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a genus of plants of the family Tamaricaceae. They are bushes or trees 6–10 m high, with slender long runners. The leaves are small, usually in the form of scales, and bluish or grayish in color. The blossoms are small; white rose, or violet; and gathered into long brushes. The fruit is a pod, with small seeds that are either bare or have a tuft of spikes on the end.

Tamarix love light, are drought resistant, and grow rapidly without requiring special soils; many types are salt tolerant. They multiply through seeds, root shoots, and cuttings and readily form hybrid varieties. There are 54 genera in the deserts and semiarid regions and steppes of southern Europe, Africa, and Asia as far as India; in the USSR there are 24 varieties. They grow wild in the floodplains and valleys of rivers, in tugaic forests, in wormwood and halophyte thickets, on lake shores, and the seashores of Middle Asia. Kazakhstan, the Caucasus, and the southern European part of the USSR. Tamarix are used for fuel, for plaiting various articles, and for sand and forest-land erosion prevention. They are good nectar plants. Domestic animals eat the young branches. Tamarix also show promise as decorative plants.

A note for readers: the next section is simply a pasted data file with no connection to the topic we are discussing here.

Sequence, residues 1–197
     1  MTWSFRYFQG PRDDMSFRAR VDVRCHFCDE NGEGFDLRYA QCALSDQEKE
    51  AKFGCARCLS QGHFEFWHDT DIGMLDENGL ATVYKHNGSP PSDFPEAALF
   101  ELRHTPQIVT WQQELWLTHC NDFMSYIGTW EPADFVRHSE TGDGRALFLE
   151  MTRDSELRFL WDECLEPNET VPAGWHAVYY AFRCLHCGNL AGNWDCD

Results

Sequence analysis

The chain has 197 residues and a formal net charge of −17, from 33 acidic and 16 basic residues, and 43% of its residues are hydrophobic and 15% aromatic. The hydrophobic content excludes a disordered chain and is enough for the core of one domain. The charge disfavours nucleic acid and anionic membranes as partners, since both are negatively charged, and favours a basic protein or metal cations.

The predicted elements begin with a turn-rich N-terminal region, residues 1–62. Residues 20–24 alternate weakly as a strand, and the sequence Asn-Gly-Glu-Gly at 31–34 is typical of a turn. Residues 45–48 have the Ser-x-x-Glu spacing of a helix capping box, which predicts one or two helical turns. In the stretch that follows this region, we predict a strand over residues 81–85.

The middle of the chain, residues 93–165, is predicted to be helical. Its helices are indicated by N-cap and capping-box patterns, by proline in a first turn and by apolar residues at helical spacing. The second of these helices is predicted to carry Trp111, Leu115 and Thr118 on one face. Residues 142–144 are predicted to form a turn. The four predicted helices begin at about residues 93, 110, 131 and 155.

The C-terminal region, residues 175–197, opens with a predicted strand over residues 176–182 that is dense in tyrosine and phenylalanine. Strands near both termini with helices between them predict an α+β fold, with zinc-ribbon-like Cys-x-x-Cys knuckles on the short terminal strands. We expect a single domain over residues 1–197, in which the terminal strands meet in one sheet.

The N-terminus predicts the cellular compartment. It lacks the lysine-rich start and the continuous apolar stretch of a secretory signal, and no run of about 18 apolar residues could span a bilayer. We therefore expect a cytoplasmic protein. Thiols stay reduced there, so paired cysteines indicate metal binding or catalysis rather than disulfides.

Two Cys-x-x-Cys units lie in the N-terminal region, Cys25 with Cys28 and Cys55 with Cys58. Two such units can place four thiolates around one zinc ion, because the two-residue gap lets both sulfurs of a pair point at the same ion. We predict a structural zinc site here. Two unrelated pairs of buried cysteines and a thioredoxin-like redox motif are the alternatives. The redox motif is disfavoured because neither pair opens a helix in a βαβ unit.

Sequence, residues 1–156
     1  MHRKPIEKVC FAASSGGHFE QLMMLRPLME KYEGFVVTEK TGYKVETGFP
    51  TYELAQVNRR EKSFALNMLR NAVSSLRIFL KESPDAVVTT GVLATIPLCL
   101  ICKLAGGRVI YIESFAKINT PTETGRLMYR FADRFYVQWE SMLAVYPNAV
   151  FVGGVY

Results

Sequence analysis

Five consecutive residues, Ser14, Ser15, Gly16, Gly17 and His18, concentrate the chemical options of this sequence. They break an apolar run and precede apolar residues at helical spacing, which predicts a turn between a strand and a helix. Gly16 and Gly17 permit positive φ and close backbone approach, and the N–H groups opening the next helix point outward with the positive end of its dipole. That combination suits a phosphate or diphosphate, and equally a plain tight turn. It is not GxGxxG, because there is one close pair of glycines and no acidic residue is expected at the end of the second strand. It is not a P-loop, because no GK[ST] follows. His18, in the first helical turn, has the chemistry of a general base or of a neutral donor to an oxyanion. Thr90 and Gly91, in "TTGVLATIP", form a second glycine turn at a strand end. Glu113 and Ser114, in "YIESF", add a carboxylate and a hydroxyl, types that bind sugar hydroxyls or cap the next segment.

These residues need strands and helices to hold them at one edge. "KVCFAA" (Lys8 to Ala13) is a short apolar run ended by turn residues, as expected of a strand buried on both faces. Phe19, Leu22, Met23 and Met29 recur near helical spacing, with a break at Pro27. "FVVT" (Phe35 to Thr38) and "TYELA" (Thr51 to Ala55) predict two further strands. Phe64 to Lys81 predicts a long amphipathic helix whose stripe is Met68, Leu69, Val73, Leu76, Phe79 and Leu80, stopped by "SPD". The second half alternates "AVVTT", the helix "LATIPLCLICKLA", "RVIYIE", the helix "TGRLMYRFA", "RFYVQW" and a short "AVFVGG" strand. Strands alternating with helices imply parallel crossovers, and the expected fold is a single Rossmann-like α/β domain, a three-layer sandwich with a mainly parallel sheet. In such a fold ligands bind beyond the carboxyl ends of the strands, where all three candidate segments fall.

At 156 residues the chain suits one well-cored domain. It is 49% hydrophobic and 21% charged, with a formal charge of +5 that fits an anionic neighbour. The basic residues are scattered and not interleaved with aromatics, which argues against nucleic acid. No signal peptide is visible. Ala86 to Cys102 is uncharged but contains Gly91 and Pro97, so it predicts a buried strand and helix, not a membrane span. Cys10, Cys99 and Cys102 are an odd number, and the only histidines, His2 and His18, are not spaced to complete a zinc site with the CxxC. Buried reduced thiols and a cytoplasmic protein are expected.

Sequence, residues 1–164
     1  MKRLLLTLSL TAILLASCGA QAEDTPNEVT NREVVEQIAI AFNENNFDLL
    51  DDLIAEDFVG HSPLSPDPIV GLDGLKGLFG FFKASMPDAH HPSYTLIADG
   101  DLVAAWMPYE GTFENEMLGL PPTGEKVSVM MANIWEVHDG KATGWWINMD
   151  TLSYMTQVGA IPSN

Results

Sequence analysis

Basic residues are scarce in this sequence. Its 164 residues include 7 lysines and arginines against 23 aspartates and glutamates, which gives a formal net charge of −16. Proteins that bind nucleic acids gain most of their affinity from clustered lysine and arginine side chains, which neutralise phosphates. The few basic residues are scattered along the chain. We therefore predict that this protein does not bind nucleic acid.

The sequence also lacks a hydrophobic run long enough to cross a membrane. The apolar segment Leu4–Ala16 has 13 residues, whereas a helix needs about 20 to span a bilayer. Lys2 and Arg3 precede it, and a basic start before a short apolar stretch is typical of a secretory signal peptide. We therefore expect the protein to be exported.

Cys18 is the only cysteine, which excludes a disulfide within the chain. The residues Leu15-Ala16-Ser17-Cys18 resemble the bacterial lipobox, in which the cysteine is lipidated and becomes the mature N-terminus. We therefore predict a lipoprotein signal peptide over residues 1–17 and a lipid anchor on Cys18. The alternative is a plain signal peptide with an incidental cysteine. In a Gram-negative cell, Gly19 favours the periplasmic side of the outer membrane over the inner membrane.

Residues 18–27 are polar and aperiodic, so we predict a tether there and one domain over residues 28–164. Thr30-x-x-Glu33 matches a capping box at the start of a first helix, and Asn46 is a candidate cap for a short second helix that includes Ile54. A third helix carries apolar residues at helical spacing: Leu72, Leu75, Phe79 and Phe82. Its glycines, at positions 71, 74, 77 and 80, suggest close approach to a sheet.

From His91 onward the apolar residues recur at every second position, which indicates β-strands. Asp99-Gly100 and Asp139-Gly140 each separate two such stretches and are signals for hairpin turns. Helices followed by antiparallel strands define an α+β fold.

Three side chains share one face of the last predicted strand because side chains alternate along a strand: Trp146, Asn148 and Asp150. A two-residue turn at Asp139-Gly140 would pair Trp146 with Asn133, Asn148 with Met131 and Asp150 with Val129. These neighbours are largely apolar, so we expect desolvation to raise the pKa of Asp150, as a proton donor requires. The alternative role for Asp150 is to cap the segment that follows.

Rusanov, F. N. Sredneaziatskie tamariksy. Tashkent, 1949.
Baum, B. Monographic Revision of the Genus Tamarix. Jerusalem, 1966.